Last modified: August-9-05

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A B C D E F G H I J K L M N O P Q R S T U V W X Y Z


Z



z

Notation for redshift. Objects of higher z are further away. A redshift of z near 0 corresponds to objects nearby; a redshift of z = 1 corresponds to objects at a distance of about 10 billion light years. [LB90]

Z-number

See atomic number. [H76]

z pinch

A diffuse toroidal pinch in which the magnetic field runs around the plasma column. [H76]

Zanstra's theory

A theory of emission lines in planetary nebulae which supposes that the emission lines in hydrogen (and helium) arise from a process of ionization (by the ultraviolet radiation of the central star) and recombination, and that the forbidden lines arise from the collisional excitations of the metastable state. [H76]

Zeeman effect

(a) The splitting of atomic spectral lines into two or more components in a transverse magnetic field. [DC99]
(b) The splitting of spectral lines by a magnetic field. [A84]
(c) Line broadening due to the influence of magnetic fields. A multiplet of lines is produced, with distinct polarization characteristics. The Zeeman effect is measured by measuring the difference between right-hand and left-hand polarization across a spectral line. [H76]

Zel'dovich Spectrum

A particular prescription for how much clumping of matter should occur on each length scale. Specifically, the Zel'dovich spectrum proposes that the strength of inhomogeneity, of clumping, should be the same for each length scale at the moment when that length scale is equal to the size of the horizon. (See horizon.) [LB90]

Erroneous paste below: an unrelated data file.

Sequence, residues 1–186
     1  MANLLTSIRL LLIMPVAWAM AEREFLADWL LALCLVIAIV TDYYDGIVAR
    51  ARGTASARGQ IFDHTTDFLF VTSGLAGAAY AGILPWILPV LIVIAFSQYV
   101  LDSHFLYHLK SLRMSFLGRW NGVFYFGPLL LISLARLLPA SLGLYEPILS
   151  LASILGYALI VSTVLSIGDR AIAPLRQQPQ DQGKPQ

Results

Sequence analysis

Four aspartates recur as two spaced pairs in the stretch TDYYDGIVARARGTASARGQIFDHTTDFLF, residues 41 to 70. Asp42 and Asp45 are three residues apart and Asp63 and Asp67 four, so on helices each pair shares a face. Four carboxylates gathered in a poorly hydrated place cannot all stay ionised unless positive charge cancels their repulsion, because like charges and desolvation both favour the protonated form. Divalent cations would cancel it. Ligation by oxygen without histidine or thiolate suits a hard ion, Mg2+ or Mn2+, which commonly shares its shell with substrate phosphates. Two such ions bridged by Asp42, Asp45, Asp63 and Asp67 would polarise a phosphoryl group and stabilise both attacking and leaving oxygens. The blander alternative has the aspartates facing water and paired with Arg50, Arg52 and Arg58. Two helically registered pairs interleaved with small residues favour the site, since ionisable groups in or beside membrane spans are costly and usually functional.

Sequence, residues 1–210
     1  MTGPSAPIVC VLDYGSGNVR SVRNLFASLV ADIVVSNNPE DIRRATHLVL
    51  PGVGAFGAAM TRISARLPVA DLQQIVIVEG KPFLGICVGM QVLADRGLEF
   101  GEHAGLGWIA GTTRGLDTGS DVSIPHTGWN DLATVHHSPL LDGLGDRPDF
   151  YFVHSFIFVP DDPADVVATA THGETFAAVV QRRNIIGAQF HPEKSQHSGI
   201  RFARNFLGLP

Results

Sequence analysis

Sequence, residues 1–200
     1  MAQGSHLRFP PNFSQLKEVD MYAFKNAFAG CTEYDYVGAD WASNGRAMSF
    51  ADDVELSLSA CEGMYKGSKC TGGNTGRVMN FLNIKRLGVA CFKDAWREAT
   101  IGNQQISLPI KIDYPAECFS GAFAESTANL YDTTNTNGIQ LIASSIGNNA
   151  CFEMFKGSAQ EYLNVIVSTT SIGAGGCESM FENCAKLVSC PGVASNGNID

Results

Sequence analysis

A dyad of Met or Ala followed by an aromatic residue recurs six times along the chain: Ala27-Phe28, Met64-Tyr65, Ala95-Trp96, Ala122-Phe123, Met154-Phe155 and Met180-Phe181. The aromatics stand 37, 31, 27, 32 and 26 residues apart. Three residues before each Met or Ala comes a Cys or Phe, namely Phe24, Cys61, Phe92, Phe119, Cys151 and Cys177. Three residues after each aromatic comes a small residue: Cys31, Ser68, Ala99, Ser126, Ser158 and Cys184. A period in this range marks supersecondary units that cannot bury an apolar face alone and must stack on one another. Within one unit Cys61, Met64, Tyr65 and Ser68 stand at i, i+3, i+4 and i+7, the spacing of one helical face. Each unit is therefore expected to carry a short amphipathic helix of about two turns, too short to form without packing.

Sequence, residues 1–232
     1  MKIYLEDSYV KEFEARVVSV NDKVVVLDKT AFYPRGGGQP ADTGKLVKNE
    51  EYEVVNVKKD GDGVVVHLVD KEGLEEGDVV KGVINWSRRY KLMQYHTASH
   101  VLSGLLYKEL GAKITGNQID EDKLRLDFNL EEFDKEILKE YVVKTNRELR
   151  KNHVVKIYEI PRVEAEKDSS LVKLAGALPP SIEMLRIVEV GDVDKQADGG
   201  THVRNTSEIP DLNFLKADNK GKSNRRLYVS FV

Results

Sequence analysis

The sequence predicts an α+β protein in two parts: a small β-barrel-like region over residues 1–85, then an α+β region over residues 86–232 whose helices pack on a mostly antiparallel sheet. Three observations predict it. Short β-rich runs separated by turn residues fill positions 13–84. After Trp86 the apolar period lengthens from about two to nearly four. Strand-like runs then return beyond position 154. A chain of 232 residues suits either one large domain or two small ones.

Zener Diode

A semiconductor diode with high doping levels on each side of the junction. If the junction is reverse-biased, breakdown occurs at a well-defined potential, giving a sharp increase in current. The effect is called Zener breakdown; it occurs because electrons are excited directly from the valence band into the conduction band. Zener diodes are used as voltage regulators. See also diode. [DC99]

Zenith

(a) The point in the sky directly overhead. [McL97]
(b) The point on the celestial sphere directly above the observer's head - i.e., opposite to the direction of gravity (cf. nadir). [H76]

Zenith Distance

Angular distance on the celestial sphere measured along the great circle from the zenith to the celestial object. Zenith distance is 90° minus altitude. [S92]

Zeolite

An absorbent material (in the form of small pellets) used in low-temperature cryostats to trap gases released gradually after active pumping has ceased. See outgassing. [McL97]

Zepto-

Symbol: z A prefix denoting 10-21. For example, 1 zeptometer (zm) = 10-21 meter (m). [DC99]

Zerilli's Equation

A Schrödinger-type equation for even-parity perturbations on the Schwarzschild metric. [H76]

Zero-Age Main Sequence

The position on the H-R diagram for stars which have attained hydrostatic equilibrium and have started hydrogen burning in their cores, but which have not yet had time to produce an observable change in their chemical composition (ZAMS). [H76]

Zeropoint

The magnitude corresponding to one data number per second from the array detector for a star of zero color term (like Vega) corrected for absorption in the Earth's atmosphere. [McL97]

Zero-Point Energy